It's a good idea to thoroughly study the bugs that have already been found in the software you're testing. It's even better if you study other people's bugs, too. Read on in this issue of Career Development as Elisabeth Hendrickson provides a helpful guide to continuous professional development.
Jill glanced around the conference room. "Actually," she confessed, "even though I'm here to interview for the test position, I really want a job in development." She gave Thomas a conspiratorial smile. "I've been testing for two years," she explained, "and I think I've pretty much done it all at this point. I’m ready to move on."
Thomas, who had been testing for three times as many years and felt as if he’d just scratched the surface, was taken aback. Hmmm, he thought. Let's see how good she is . Standing at an empty whiteboard, Thomas sketched a dialog box with four fields and a button. He labeled the fields and then stepped back. "Here's a form from a fictional system. Given what you see, what tests would you want to run?" Thomas handed her the pen in case she wanted to draw her ideas on the board.
"Well," Jill began without moving from her seat, "I'd try some boundary conditions, some negative tests, a use case or two, and I'd be done." She looked very satisfied with her answer.
Thomas smiled. "And you'd be done?"
Jill frowned as she thought for a moment, and then smiled in return. "Yup. I'd be done."
Thomas's smile dissolved. “Jill, most of the candidates we have through here would have filled that whiteboard with tests. You've barely begun to explore the testing problem I posed to you.” Thomas paused to let his criticism sink in.
"Want to try again?"
Jill came up with a few more tests, but not many. She had no idea what Thomas was looking for, and she didn't particularly appreciate his attitude. Testing is easy , she thought. What's the big deal?
The big deal isn't how many tests Jill surfaced as much as her attitude toward testing. She thinks she already knows all there is to know.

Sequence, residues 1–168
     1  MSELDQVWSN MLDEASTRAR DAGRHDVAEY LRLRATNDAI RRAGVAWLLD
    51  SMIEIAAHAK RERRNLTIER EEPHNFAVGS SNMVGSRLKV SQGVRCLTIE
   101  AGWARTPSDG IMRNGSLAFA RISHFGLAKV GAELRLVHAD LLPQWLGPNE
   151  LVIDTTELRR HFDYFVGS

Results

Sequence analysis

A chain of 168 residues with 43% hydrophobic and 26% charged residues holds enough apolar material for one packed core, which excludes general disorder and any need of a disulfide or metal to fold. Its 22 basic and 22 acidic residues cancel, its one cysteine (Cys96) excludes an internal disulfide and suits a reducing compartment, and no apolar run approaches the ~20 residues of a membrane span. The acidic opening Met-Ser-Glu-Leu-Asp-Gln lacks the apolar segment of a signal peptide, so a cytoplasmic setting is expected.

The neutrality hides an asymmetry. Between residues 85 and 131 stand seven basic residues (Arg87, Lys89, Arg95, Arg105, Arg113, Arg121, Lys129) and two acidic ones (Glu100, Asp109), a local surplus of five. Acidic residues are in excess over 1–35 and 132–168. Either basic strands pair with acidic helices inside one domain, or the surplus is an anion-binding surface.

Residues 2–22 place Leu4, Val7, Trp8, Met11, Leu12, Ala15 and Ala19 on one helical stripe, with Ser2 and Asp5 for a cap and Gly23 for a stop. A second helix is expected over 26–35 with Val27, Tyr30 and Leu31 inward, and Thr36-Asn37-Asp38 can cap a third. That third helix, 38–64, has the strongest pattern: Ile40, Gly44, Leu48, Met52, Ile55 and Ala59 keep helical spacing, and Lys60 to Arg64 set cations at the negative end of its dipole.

Thomas, on the other hand, recognizes that professional growth can take a lifetime. He knows that no matter how long he spends in the testing field, he’ll still have more to learn. He takes time to nurture his skills, grow his abilities, and feed his mind. As a result, Thomas will continue to progress in his testing career.
Jill's career stalled after just two short years, while Thomas is continuing to grow professionally and personally. How can you assure your continued professional growth? Here are some ideas.
Jill was quite satisfied with her answer to Thomas's testing problem. She felt that she'd covered everything. But since testing is an infinite problem, no answer would be complete. Jill had fallen into the trap of complacency. Testers like Thomas know that no matter how many clever tests they’ve already thought up, there are more tests they could be running.
Thomas has more than a passing curiosity about bugs. He seeks to understand them: Why did the software behave that way? How can I search out related bugs in other areas? What was the root cause?
It's good if you study the bugs that have already been found in the software you're testing. It's even better if you study other people's bugs, too.
The next time you get together with a group of testers, swap bug stories. Conferences or local quality group meetings provide an ideal forum for a friendly chat about bugs with other testers working on different kinds of software.
Also take a look at public bug databases. Microsoft has an extensive collection of bugs in their knowledge base. The information in the knowledge base is especially useful to anyone working with Microsoft technology. Another source of public
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